Being your true self while also being what society expects you to be can be difficult. Our Youth Culture Uncovered research highlights this tension for young people. Ninety three percent of respondents felt 'being true to myself’ was important, while 2 in 3 worried about 'what people think of me’. Similarly, 58% of 16 to 35-year-olds say that they 'struggle to live up to society's expectations'. This figure increases the younger you go, up to 68% for 16 to 18 year-olds.
"LGBTI+ people have started coming out at a younger age. People used to come out around 18 or 21 but now, people are coming out at 12. Coming out is still difficult for LGBTI+ people, despite all the progress that has been made surrounding the LGBTI+ community. I came out to my parents when I was 13, 3 years ago. I planned on coming out through a letter, but they found out by going through my texts. I still gave the letter I wrote to try to help them understand." - Dylan, 16, The Love Network
Naturally LGBTI+ youth consider all possible outcomes to their coming out, and still very much fear rejection from family members, friends and peers. While society has progressed in many areas inspiring young people to come out at younger ages, they recognise that life is not going to be easy. As Dylan says, "Some people may have voted yes for marriage equality but may not actively stand up for LGBTI+ people who are facing discrimination."
DISCOVERING THE REAL ME
For a lot of young LGBTI+ people there is a pressure to conform to type. To play the part.
"Many feel the need to fit into society’s expectations of what they should be/do to be a “real” LGBTI+ person. To be a 'real' trans person you have to dress and act as much like the gender you identify as, or to be a 'real' bisexual person you have to have dated both men and women in your life. I think people feel the need to fit into these stereotypes around being LGBT+ to try to prove to other people their gender and/or sexuality. Many people also feel the need to fit into these stereotypes because they’ve been hiding a part of them for so long and are finally able to let it out and try to let other people see." - Dylan, 16, The Love Network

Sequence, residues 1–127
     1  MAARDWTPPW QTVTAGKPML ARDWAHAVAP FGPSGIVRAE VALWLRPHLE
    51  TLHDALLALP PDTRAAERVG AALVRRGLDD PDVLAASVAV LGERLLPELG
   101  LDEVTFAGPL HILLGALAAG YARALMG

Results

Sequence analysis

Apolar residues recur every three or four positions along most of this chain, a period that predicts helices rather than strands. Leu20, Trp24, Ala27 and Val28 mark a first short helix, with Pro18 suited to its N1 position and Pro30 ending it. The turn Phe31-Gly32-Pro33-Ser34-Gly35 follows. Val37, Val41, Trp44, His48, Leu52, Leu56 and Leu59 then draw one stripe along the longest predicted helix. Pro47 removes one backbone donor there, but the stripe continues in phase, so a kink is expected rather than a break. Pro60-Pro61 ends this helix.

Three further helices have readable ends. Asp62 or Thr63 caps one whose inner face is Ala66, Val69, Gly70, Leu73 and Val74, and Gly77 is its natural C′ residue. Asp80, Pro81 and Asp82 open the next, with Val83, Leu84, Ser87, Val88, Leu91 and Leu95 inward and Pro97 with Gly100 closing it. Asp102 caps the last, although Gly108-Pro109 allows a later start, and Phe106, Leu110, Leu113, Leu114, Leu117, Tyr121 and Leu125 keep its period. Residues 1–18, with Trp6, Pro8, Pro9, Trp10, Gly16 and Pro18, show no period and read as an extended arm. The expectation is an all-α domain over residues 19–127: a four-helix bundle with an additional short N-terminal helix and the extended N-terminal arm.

The internet has been really helpful in enabling LGBTI+ youth to explore their identity and gender through other people's stories. It shows them that there is no cookie-cutter identity that they're supposed to be because they're gay or trans. However they feel, and however unique their situation is, there is someone who has experienced similar feelings to them. Anne, 27, another member of The Love Network, highlights the positive side of social media in her journey of 'coming out';
"I was Googling stuff, trying to find where my place was. YouTube was amazing. I found this couple on YouTube that made videos about their life and it was so normal. One of them was quite girly and the other was more of a tomboy. It was so helpful to see that you could be girly and gay. It made me feel like, 'yay I actually do fit somewhere!' "
YouTubers like Alex Bertie and Chase Ross and Instagrammers Miles McKenna and Daniel Szagorski arepositive role models helping young people transition, simply by offering advice on binding your chest, the best stand-to-pee devices on the market, and even just sharing their journey and offering a support system.